I have been commenting on the testing of security software, specifically anti-spam and anti-virus products. The main point I made in both of those posts was that testing has to be on live data feeds, regardless of how difficult the task, because the threats evolve at such a high rate that corpus-based testing quickly becomes stale and does not represent the true state of incoming traffic.
In situations where there are a limited number of security vendors and adversaries, even live testing becomes extremely difficult. Let's consider an extreme case, where there is only one security vendor and multiple adversaries. Every single system is identical, running up to date anti-virus packages. (Yes, I fully realize this is a completely unrealistic example, but bear with me.) From the standpoint of the testing and user community, the accuracy of the system is perfect; no viruses are seen by the system, as they don't even have an opportunity to propagate. At the same time, virus writers realize there is a huge, untapped market of machines just waiting to be compromised if they could only gain a foothold. These guys sit around and hack code until a vulnerability is found in the AV system, and upon finding it, will release a virus that exploits this in the wild.
Before the virus is released, the accuracy of the system is:
- 100%: it catches all known viruses.
- 0-100%: there is no way to test it.
After the virus is released, havoc breaks out, aircraft fall out of the sky, and dogs and cats start living together. 5% of all computers worldwide are infected before the vendor releases a patch. If the vendor was able to move faster, the number of compromised systems would have been only 1%, but left to its own devices, the virus would have compromised every system connected to the net. In this situation, the accuracy of the system is:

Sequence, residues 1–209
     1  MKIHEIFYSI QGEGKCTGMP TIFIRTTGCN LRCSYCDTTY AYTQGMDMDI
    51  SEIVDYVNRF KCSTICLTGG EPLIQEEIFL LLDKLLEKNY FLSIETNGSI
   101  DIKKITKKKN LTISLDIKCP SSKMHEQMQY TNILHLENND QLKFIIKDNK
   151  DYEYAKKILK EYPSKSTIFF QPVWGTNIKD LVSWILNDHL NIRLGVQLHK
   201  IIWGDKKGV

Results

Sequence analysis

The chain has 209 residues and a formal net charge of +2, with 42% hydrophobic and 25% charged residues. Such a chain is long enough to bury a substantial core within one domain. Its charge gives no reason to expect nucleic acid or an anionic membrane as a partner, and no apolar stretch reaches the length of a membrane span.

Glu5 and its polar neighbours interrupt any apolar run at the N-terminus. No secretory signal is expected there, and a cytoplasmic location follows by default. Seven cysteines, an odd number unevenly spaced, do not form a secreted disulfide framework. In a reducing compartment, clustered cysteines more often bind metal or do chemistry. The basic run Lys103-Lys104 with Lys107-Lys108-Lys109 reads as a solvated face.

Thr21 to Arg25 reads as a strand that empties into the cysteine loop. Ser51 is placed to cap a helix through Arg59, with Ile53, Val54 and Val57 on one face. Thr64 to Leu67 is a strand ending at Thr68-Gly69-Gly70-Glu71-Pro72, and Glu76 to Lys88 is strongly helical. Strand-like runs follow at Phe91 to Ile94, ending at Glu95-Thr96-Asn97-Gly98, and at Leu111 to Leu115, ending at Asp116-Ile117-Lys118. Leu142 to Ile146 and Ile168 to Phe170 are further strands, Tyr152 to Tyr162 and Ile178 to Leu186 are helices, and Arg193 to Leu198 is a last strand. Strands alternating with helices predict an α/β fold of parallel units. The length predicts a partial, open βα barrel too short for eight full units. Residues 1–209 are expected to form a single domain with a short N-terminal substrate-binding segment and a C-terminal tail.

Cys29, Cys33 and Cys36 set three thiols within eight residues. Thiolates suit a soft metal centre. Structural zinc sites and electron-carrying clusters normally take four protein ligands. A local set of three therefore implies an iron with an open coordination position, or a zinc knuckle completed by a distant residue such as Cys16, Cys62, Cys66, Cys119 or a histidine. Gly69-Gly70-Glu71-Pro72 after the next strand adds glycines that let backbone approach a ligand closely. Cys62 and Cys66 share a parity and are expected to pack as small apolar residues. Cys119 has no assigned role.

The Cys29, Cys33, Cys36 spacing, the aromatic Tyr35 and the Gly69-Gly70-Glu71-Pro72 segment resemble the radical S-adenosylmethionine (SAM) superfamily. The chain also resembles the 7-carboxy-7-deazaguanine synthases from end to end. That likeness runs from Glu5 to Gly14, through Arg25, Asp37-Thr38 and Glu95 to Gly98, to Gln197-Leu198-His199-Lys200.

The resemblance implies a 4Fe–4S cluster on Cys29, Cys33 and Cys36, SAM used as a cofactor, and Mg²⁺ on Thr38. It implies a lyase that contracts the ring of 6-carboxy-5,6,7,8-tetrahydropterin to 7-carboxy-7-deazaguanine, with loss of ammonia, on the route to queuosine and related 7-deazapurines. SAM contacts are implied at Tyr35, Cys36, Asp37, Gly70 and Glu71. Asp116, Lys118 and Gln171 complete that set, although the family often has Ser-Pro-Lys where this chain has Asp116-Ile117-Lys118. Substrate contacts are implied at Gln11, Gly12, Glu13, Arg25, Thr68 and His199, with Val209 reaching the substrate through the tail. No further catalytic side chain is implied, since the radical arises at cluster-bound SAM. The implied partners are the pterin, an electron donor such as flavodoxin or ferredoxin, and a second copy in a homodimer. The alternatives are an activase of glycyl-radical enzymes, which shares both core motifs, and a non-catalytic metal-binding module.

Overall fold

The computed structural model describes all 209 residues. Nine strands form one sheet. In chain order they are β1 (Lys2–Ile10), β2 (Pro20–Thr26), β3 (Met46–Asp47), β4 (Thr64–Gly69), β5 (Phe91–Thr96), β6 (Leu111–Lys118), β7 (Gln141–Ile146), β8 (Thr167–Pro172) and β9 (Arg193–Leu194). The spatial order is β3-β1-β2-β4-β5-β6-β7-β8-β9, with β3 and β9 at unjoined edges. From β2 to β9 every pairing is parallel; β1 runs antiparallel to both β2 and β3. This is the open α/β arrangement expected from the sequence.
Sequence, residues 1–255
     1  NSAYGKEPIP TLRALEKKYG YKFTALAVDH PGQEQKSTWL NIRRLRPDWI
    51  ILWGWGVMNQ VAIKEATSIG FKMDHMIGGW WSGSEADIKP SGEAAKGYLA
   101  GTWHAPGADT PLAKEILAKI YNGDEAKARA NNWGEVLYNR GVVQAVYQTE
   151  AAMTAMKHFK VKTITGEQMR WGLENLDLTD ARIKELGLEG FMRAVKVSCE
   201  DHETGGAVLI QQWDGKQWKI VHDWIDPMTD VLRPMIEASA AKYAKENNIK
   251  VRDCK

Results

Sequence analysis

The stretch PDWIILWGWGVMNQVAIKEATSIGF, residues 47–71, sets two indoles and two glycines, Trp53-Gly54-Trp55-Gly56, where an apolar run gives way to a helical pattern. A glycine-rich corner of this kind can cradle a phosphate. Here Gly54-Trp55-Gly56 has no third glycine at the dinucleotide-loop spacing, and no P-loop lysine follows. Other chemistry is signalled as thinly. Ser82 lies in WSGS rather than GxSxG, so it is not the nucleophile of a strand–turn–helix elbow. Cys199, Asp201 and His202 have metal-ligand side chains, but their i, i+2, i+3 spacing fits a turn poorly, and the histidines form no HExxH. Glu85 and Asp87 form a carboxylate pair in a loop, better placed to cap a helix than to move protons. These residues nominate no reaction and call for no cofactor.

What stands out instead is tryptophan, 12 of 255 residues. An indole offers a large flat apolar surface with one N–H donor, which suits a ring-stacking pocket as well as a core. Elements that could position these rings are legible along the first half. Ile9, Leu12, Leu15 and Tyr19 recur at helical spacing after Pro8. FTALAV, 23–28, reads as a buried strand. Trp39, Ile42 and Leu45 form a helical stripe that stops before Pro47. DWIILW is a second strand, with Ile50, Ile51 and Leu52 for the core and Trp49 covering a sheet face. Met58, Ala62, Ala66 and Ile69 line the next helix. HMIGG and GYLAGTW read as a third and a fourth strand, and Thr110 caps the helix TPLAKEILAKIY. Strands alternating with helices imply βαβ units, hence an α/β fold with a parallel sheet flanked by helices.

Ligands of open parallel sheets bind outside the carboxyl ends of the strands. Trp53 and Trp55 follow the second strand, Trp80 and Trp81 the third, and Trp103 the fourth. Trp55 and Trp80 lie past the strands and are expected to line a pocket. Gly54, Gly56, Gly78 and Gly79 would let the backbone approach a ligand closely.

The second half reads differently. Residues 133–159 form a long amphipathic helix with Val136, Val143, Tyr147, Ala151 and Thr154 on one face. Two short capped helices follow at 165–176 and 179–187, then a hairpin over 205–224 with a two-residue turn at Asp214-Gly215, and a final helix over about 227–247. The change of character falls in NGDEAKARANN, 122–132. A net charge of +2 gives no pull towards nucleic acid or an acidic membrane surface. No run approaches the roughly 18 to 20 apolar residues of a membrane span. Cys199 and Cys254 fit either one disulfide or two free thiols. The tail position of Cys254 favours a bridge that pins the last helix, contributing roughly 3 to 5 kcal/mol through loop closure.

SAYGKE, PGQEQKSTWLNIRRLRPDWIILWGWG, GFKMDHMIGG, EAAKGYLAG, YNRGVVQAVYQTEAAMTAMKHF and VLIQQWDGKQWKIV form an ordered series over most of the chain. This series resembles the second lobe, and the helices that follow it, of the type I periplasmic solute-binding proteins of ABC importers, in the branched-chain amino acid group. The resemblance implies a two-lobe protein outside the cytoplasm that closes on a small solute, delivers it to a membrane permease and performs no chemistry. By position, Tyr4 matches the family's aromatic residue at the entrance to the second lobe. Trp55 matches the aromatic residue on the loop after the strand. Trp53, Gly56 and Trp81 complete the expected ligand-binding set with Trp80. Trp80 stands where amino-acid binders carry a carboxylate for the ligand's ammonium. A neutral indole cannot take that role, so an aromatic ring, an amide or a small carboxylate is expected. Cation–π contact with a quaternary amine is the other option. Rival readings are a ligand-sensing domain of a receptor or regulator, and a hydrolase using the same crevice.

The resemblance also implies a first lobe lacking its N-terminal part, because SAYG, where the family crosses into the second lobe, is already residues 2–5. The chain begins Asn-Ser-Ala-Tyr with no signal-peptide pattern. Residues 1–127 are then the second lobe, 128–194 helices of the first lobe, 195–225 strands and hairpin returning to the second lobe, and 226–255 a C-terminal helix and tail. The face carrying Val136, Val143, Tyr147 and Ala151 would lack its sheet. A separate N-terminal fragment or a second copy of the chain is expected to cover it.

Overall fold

- (1 - 1/(# of old viruses))*100%: only one virus couldn't be stopped.
- 0%: no viruses were in circulation at the time except for the one that caused mass havoc.
- (1-(# of compromised systems)/(# of uncompromised systems))*100%: the expected number of compromised systems at the end of the virus' run.
The third of these three accuracy measures seems the most appropriate, and the most flexible given a variety of network and economic conditions adversary styles. The measure, which is effectively the expectation of exploitation for a given host, is what is used today by anti-spam system evaluators. It is a slightly more sophisticated way of saying "what is the probability that a piece of spam will get through."
From a general security standpoint, however, it covers a difficult and often ignored parameter critical to the accuracy of a security product: response time. If the window of vulnerability between when the virus first appears and when signatures are issued is shrunk, the accuracy expressed by this metric improves. In fact, the Zero-Hour Anti-Virus industry is an emergent cottage industry in the security space. Ferris covered it back in 2004, and I talked about it at Virus Bulletin 2006.
Many of these zero-hour technologies are being used primarily in the message stream, but this probably won't last for long. I suspect the technology popped up here first because of the sheer volume of e-mail based viruses as well as the ease of which service providers, who ultimately end up spending money on these technologies, can quantify its cost. They store all mail then forward it along, unlike web-based trojans which just fly through on port 80, and have an opportunity to actually examine the number of viruses. As industry gains experience with automated means of identifying and distributing fingerprints or signatures for newly identified malware, we will see it spring up in other places as well.